It can happen when you least expect it. Maybe your child is in an active phase of her disease and all of your energy is focused on helping her manage her joint pain. Or maybe you’re breathing a huge sigh of relief because she's been symptom-free for a year – or even two. Regardless of the stage of your child’s arthritis or its treatment, there’s a chance the disease can be causing undetected damage to her eyes – unless she's having regular eye exams.
“Arthritis in children is often accompanied by some specific types of eye problems which usually don’t cause symptoms,” says Paul Howard, MD, a Phoenix rheumatologist who has been treating children with juvenile arthritis for 18 years.
Following are the two most common problems he and other rheumatologists encounter and why you should take them seriously.
Often referred to as uveitis, iridocyclitis is an inflammation of the structures of the front of the eye that can occur in children with juvenile arthritis. “The inflammation can lead to scarring of the pupil and the way the eye focuses,” says Dr. Howard. “If the scarring gets bad enough and the problem is not treated, it can lead to blindness.”
The traditional teaching has been that children – particularly young girls – with pauciarticular (few joints) arthritis are the ones at highest risk of eye disease, he says. But a recent study shows that a positive ANA (a blood test showing high levels of antinuclear antibodies, a type of autoantibody directed at structures in the nuclei of the body’s cells) may be a more accurate predictor than the pattern of joint involvement in determining who is most likely to have this type of eye problem.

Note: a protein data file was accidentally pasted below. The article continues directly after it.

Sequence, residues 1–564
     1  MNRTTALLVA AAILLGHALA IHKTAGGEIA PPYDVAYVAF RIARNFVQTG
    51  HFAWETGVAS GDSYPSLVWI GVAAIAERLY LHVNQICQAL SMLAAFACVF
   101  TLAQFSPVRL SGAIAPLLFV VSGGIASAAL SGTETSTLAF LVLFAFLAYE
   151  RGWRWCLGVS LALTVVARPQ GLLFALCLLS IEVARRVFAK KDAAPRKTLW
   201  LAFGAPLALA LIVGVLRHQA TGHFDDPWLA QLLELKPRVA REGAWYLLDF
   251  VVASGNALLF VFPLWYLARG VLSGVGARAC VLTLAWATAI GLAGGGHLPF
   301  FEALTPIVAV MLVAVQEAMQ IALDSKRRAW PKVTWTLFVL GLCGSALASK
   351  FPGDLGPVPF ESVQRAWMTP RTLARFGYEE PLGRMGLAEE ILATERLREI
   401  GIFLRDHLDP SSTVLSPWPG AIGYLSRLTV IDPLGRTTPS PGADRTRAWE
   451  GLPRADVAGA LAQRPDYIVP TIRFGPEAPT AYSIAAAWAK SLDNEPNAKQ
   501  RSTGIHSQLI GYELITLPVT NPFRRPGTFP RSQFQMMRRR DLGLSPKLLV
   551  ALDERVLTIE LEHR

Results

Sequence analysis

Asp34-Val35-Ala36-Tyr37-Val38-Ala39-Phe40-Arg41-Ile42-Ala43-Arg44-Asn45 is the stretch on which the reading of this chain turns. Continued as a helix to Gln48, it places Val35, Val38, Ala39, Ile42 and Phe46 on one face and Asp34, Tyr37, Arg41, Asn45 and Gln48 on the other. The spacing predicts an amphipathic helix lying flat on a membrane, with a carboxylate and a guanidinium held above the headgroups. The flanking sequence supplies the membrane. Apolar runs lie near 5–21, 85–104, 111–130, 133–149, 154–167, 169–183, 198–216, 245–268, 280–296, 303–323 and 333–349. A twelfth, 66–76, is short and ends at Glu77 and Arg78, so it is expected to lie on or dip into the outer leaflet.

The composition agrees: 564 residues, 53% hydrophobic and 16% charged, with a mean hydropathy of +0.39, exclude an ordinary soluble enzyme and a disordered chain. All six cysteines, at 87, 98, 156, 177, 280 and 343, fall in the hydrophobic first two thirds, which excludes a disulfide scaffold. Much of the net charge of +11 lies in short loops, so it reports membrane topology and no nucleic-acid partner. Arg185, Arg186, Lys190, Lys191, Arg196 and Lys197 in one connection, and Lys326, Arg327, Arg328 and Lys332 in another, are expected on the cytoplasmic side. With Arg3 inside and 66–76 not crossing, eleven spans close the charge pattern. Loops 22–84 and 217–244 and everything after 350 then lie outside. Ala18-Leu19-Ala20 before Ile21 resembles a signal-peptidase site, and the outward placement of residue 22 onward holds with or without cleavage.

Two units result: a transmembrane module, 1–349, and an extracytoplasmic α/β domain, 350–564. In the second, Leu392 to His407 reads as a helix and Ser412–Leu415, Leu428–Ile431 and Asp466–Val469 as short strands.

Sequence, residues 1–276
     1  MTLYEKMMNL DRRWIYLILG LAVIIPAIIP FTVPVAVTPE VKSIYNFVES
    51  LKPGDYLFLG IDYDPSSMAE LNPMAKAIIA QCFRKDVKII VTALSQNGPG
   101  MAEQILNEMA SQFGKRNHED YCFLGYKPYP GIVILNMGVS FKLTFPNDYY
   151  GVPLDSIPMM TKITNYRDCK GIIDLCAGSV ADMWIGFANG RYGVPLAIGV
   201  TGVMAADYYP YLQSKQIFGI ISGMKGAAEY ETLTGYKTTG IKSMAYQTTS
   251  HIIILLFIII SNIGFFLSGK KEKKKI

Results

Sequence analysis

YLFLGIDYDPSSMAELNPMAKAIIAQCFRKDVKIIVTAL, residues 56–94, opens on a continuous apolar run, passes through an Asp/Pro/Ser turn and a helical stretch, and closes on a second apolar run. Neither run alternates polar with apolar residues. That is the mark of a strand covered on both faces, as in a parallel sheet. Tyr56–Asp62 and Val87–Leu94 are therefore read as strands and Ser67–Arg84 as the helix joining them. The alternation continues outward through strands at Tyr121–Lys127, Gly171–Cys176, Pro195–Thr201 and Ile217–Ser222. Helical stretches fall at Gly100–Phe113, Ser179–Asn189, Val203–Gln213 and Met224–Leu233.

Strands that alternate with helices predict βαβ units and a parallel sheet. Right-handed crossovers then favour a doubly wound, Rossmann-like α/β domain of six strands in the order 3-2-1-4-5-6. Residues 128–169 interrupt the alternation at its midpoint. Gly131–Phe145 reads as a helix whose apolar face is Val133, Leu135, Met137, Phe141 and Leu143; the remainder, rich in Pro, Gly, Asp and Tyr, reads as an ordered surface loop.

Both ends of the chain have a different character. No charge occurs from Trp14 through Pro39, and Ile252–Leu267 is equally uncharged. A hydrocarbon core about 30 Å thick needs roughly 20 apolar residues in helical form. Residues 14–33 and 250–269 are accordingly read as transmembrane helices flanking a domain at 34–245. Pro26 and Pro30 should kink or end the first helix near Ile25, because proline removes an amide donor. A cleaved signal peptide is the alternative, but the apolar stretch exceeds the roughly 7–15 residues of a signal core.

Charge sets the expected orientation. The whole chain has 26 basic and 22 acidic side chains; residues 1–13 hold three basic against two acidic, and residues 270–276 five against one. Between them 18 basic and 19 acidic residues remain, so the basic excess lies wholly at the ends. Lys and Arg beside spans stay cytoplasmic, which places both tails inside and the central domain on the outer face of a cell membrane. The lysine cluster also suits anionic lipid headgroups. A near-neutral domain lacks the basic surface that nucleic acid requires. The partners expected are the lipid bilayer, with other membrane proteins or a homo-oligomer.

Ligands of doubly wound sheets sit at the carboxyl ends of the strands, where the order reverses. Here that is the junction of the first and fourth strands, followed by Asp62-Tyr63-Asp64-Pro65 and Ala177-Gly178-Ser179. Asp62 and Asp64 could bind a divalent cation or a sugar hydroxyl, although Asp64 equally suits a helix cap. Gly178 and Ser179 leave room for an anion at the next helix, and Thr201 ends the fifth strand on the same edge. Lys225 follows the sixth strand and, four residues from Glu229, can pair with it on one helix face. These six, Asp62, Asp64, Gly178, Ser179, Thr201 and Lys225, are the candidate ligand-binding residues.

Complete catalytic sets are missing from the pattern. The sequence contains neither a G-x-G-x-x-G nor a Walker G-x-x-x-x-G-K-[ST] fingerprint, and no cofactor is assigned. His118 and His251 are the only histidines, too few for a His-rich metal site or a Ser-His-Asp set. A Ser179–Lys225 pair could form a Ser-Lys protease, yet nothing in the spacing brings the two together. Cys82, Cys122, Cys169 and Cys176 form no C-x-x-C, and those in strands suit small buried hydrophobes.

Because chronic iridocyclitis usually produces no symptoms such as pain or irritation, there's no way to know if your child is affected without regular eye exams – and Dr. Howard strongly recommends regular exams. Current guidelines from the American Academy of Pediatrics recommend exams as often as every three to four months for children with a positive ANA test and early age of onset of arthritis, to as infrequently as once a year in individuals with the systemic-onset form of JIA.
Eye exams should continue even if joint symptoms stop, says Dr. Howard. “Even if the arthritis is quiet, children can get eye disease,” he says. He advises his patients to continue regular eye exams for years after symptoms of arthritis have disappeared.
Another condition, called acute iridocyclitis or iritis, is more commonly seen in children with ankylosing spondylitis. As the name implies, iritis is inflammation of the iris, the colored part of the eye that controls the pupil's response to light. As with chronic iridocyclitis, iritis can lead to scarring that can cause vision loss. Unlike the eye disease that occurs with JIA, however, acute iritis may produce symptoms such as redness and pain, but some children don’t always notice these problems. For this reason, some physicians recommend that their patients with ankylosing spondylitis should have an eye exam periodically, whether or not they experience symptoms of eye disease.